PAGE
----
About an hour after their Soyuz TM-26 rocket locked on to Mir, which has been running on half power since it was involved in a collision two months ago,the new arrivals went through the hatch to an ecstatic welcome from the two Russians and the American waiting for them on board the station.
Vladimir Solovyov, the flight director said Soyuz had to dock manually because the automatic system had developed a fault. "It was a technical malfunction. The situation was not critical but we will look into it," he said.
The outgoing crew, Vasily Tsibliyev and Alexander Lazutkin of Russia, and the British-born US physicist, Michael Foale, had some bad news for the relief team, however. They had failed to repair Mir's oxygen-generating system, which broke down earlier this week, because they lacked a spare part.
All five spacemen will be able to breathe, as they have back-up canisters with enough oxygen for two months. But fixing the generator will be an added headache for the repair men, who also have to overcome the consequences of the crash on 25 June.
It was the worst accident on the 11-year-old station, which has suffered a string of technical failures because it has outlived its service life, originally intended to be no more than five years. During a manual docking operation, a Progress cargo rocket bumped into Mir's scientific module, Spektr, rupturing it so that it had to be dis- connected from the rest of the station. The task of the repair men will be to seal the hole and reconnect Spektr to the mother craft, which they will start to do on 20 August.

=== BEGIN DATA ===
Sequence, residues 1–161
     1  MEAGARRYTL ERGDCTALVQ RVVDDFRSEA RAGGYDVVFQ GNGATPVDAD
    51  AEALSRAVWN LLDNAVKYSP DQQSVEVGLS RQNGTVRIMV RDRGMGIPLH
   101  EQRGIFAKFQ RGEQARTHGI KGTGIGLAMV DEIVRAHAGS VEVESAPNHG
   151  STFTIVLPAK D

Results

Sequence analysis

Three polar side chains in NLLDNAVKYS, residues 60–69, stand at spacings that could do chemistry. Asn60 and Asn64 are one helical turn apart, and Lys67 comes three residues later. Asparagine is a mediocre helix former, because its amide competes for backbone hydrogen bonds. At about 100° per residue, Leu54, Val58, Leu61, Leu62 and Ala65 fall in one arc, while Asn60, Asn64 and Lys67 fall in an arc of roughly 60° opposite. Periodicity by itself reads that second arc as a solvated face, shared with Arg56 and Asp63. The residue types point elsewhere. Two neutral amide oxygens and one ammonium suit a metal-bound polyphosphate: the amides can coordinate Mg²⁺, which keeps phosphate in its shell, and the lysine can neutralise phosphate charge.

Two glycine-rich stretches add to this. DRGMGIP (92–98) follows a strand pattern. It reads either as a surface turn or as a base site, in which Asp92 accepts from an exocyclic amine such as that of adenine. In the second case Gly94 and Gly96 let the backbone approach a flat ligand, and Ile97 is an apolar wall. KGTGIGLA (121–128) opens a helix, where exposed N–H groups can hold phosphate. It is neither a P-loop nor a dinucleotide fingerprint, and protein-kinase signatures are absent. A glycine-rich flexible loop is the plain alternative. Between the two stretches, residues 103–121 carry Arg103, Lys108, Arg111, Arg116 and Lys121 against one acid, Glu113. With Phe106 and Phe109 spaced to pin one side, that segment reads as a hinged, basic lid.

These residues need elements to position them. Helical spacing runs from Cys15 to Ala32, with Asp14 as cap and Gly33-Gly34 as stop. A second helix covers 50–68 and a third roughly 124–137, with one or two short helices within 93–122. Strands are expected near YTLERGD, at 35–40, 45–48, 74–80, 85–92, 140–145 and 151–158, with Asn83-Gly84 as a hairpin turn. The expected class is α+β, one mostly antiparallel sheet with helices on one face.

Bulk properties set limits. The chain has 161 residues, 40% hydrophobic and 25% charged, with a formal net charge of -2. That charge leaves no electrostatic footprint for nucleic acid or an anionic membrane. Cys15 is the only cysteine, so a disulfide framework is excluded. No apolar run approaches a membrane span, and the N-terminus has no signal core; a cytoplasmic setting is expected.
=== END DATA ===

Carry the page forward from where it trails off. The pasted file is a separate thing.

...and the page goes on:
The job will be not only tricky but dangerous. Because Spektr is airless, the cosmonaut who enters it will have to wear a full space suit as if he were on a space walk. The passage into Spektr is extremely narrow and debris may be floating around inside. A puncture in the suit would be fatal.
Commander Solovyov, at 49 a veteran with four missions and 456 days in space under his belt, will do the repairs while his flight engineer, Mr Vinogradov, will stand behind him, shining a torch. Mr Vinogradov, on his first trip into space, was reported to have had a higher than normal pulse rate because of nerves during lift-off from the Baikonur launch pad on Tuesday but officials say he is settling down.
The latest mission is seen as crucial to the whole future of the Russian space programme. Moscow is hoping to exploit Mir for another two years. The United States is supporting Russia despite the mishaps because the two former rivals plan to have a joint space station, called Alpha, by 2003.
However, the US space agency, Nasa, is reserving judgement about whether another US astronaut should replace Mr Foale when an Atlantis shuttle comes to pick him up from Mir next month.